In Section 28, I describe an elaborate scheme by which Lee could possibly have won the battle on Day 1. In Section 40, I ask why he was in such a hurry to ‘take the castle by brute force’. Herein, I suggest how Lee might have defeated the Army of Potomac (AoP) by encircling it to starve it. IOW, lay siege to the castle rather than storming it.
LTG Longstreet had been arguing against Lee’s tactics from the beginning. As a loyal officer, he reluctantly prepared for the ill-fated flank attack on Day 2. I tend to believe that he was hoping that Lee would come to his senses and call off that attack. LTG Sickles’ bold move thwarted Lee’s plan and detoured the attack to the east. Day 2 was an expansive disaster for both armies.
Longstreet had suggested that a shift south and an attack up the Taneytown Road would have a greater chance of success than Lee’s plan to attack via the Emmittsburg Road. ALT Hx scenarios suggest that this is not true, but Longstreet seemed to have the kernel of an idea that could have worked to Lee’s benefit.
It is still not clear to me WHY Lee was in such a hurry to attack that he resorted to the doomed frontal attack on Day 3. He never seems to have considered the option of laying siege as opposed to ‘storming the castle walls’. Seemingly, the arrival of Stuart’s cavalry on Day 2 added this option. I propose that Lee could have deployed the cavalry to the south with orders to interdict any supplies or re-enforcements headed for Gettysburg. To protect and bolster Stuart, he could have sent Pickett to the south end of Seminary Ridge and shifted Rodes to the south of Johnson in the east. Such moves would have encircled the Army of the Potomac .
I have frequently referred to the Army of Northern Virginia (ANV) as an island in hostile territory, but these simple moves could have completely reversed the polarity of the situation. Time was not on Meade’s side! In order to consolidate his army as quickly as possible, he had had them divest themselves of the majority of their supply wagons near Westminster. Within his ‘castle’ he had mainly medical and artillery / ammo wagons, but few other supplies. His men had been issued a few days’ worth of field rations. But he found himself with over 100,000 men and horses to fed; all crammed into a fairly small enclave. It would not be long before food, water and sanitation would become major issues.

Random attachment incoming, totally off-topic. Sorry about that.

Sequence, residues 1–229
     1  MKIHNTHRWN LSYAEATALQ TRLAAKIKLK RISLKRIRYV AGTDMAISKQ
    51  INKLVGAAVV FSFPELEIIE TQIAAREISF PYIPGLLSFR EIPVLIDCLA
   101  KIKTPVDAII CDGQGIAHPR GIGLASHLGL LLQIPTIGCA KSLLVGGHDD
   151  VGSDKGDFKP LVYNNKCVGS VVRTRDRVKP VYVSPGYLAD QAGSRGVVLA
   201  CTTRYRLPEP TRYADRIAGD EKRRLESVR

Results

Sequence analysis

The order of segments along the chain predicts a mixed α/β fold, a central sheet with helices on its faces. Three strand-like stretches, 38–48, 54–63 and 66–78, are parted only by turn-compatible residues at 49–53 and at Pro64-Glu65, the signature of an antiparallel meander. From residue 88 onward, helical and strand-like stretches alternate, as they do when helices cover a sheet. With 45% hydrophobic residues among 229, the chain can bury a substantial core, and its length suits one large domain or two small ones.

I propose that Lee would have been much better served to declare a halt to the fighting on Day 3. By simply moving a few of his chess pieces on the board, he could have isolated Meade on to a ‘desert island’ of sorts.
Lee’s men, on the other hand, had all the food, shelter and supplies they needed –at least in the short term. As the ANV rested, the AoP’s situation would have been deteriorating by the hour. The torrential rains that began late on 3 July would have added to their misery. They had no tents to shelter them.
There seems to be no question that Meade would have had to consider a breakout to the south. His only chance at saving his army would be to reach the supplies at Westminster. It was only about 20miles away and so could be reached by a few hours of a forced march. But could he avoid being attacked en route and having his army chopped to pieces?
I’ll spare you readers the elaborate plans I devised to get the AoP to Pipe Creek. I will further speculate that Lee would have chosen to withdraw back to Virginia rather that pursue Meade. There was too great a threat that fresh troops might be waiting near Westminster such that he’d be walking into another ambush. He’d have known that he had badly hurt the ability of the AoP to wage war and that they’d need considerable time to refit. While it fell short of a full military victory, he was satisfied with what the northern invasion had accomplished. He had looted sufficient supplies for his army for months. Meade would likely resign in disgrace and the next commander would be more cautious and protective of his job.
Lee planned to be waiting for them when they next entered Virginia!
 They would have had the additional benefit of re-uniting the three divisions of his three corps.